The very nature of CEM is a CPM schedule. The only significant difference between CEM and traditional CPM implementations is in perspective. Most current CPM systems fix time to a given data date. The schedule is current as of that point in time until it is revised with new actual dates and remaining durations. In CEM time is assumed to continue, there is no data date. Thus actual and remaining duration increment / decrement respectively as time passes. The basic assumption is work is progressing on schedule until an actual start date, actual completion date or adjustment of remaining duration occurs. In this way, CEM always represents the state of construction at the current moment in time. The model is continuously updated through the normal course of managing constraints and recording progress. So when the last work item is accepted, the model represents a very detailed and accurate account of the construction process. It demonstrates how each constraint impacted the sequence and duration of the work, which work items were delayed and why.
By utilizing the stage of each work item you can derive many different views of the construction schedule. You could have a view that represents only the work items that are committed by the owner. This would be a current contract schedule. You could also include pending work items to analyze impacts to the critical path for changes in the work. Filtering, grouping and sorting of work items would be accomplished by specifying dimensions and constraints. For example, you could filter the model by a single subcontract agreement and from that get a very accurate start and finish date for the commitment as a whole. You would know when any given subcontractor is or will be working on the project. Want to know when the building will be water tight, filter by the assembly dimension: Shell – the last work item complete represents the water tight date.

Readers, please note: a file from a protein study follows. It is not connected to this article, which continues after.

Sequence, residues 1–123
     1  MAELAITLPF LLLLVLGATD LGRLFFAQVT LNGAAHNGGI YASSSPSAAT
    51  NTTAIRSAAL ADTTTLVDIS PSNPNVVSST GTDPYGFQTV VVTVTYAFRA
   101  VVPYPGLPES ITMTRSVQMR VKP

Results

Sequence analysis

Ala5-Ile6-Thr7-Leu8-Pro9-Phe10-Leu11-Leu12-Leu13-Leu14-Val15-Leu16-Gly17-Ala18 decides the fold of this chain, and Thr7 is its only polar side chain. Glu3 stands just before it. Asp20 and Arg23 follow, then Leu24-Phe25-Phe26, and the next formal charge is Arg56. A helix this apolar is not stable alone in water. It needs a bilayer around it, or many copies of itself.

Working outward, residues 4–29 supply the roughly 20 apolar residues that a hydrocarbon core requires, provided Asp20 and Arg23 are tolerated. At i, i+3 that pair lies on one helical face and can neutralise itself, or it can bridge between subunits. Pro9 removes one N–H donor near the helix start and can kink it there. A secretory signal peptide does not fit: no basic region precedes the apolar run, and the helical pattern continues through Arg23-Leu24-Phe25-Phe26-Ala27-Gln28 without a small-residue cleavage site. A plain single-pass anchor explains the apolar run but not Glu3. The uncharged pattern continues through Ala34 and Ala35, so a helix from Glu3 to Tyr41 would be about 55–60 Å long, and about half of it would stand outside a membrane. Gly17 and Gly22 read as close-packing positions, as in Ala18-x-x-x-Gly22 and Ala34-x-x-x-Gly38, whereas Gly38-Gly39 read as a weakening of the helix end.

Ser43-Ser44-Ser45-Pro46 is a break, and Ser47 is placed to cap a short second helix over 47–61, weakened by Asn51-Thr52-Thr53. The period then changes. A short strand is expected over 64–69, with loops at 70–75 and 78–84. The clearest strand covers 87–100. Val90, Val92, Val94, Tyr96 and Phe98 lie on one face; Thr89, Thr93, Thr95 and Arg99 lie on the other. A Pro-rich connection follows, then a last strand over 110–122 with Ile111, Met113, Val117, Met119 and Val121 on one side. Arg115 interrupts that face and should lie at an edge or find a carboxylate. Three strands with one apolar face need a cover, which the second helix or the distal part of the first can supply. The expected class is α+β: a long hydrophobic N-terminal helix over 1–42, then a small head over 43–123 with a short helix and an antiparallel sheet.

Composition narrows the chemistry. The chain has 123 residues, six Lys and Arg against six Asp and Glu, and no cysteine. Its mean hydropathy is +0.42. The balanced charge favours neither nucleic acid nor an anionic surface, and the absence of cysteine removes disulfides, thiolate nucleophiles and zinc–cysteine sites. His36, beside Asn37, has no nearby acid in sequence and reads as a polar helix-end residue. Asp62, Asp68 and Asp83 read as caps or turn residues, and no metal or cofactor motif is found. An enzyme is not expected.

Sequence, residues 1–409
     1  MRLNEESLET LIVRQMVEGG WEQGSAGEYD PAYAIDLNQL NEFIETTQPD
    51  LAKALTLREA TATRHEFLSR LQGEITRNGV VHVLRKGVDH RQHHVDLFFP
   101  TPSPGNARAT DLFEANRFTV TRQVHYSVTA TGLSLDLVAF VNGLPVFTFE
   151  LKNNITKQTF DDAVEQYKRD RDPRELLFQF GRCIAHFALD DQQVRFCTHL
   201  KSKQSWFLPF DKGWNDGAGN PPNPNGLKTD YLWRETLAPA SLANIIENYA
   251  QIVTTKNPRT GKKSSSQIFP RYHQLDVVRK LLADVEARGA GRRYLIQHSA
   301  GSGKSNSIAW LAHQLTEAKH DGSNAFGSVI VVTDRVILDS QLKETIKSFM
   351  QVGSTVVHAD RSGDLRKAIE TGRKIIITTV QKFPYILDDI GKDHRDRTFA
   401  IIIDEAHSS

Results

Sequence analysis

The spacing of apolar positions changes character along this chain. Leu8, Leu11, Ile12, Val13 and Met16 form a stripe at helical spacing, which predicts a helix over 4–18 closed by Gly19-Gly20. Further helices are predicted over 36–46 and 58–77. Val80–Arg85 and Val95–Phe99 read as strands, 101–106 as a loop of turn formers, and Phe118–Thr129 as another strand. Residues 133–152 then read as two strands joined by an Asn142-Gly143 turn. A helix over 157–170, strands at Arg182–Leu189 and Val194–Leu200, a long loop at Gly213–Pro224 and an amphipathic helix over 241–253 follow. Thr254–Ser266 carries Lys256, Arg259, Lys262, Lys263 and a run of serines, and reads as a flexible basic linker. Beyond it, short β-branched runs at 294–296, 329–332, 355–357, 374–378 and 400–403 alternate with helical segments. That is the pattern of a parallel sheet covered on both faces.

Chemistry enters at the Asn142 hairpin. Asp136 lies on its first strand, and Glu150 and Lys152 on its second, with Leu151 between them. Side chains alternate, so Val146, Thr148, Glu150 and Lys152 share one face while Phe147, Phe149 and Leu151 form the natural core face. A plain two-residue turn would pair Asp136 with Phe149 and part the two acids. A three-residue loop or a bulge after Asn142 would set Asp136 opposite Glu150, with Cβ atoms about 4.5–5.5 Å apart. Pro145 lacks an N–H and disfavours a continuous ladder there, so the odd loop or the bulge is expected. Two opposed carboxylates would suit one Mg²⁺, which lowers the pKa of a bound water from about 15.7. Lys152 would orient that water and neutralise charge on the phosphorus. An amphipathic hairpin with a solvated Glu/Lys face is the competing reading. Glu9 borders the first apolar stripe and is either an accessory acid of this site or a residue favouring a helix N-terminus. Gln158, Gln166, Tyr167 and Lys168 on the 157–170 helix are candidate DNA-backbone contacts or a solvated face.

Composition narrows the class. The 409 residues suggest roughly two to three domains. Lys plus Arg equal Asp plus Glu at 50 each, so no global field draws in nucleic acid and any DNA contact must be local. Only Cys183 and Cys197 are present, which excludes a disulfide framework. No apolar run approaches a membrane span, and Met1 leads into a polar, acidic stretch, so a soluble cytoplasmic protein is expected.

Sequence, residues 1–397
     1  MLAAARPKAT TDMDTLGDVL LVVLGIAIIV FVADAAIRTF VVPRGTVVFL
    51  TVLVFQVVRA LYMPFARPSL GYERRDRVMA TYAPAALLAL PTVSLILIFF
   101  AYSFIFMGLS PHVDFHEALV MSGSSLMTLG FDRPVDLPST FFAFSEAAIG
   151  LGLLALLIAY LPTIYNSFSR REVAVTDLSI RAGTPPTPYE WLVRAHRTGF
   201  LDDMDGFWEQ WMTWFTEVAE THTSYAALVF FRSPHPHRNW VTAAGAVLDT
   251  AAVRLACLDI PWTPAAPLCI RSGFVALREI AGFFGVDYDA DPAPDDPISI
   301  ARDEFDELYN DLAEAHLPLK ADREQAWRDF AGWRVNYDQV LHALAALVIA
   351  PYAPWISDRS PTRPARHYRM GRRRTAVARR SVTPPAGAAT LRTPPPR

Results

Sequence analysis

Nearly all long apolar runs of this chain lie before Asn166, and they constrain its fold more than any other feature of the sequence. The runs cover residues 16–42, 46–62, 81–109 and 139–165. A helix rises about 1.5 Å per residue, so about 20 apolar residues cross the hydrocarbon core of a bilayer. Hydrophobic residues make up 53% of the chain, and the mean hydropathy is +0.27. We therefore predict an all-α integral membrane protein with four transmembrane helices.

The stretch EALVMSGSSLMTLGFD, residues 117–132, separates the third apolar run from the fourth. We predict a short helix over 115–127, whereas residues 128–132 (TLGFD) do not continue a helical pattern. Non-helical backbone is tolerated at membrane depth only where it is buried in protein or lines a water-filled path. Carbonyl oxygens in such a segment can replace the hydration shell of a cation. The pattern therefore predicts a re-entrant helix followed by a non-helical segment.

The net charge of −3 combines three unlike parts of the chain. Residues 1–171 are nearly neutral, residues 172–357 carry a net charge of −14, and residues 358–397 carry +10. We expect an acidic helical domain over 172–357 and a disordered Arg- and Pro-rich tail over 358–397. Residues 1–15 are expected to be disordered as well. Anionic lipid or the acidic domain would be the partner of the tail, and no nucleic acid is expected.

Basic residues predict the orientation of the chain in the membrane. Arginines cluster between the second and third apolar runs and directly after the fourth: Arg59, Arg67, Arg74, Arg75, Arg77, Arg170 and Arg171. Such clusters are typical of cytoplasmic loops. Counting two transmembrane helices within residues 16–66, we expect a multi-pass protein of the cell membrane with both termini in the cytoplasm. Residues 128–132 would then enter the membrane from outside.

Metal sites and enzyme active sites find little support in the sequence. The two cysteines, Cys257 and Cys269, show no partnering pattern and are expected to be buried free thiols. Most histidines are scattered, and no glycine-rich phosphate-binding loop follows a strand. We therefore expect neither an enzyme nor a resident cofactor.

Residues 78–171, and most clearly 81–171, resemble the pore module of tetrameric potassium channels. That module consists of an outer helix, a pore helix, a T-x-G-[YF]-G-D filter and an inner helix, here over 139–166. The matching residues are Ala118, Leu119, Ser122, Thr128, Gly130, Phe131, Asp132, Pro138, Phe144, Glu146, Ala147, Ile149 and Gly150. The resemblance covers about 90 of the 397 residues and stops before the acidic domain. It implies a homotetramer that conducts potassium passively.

Milestones would no longer be activities in the schedule but pre-defined queries of the model. Summary schedules, detail three week look-ahead schedules, material status schedules would all be derived from the model.
Periodic snapshots of the model would allow for point in time comparisons. Given no constraint on storage it would be practical to save a copy of the model every day, so you could analyze trends and identify work items that are deviating from plan.
Updating the schedule is just a normal part of scoping, setting and managing constraint workflows and indicating start dates and remaining durations of work items.
A working calendar is a concept that defines periods of time when the execution of the work can take place. The calendar would have a unit of measure and explicit periods when work may be performed or explicit periods when the work may not be performed. Units could be months, weeks, days, hours or minutes, but days is normally the default. There can be one of more calendars used in a model and would would typically be applied at high level dimension. All child elements in the dimension hierarchy would inherit the calendar of its parent or could have its own. In this way the available work periods for all work items can be constrained and the critical path calculated. When two or more working calendar attributes apply to a work item the more explicit inclusive or exclusive one is used. Working calendars can be global, dimensional or project specific.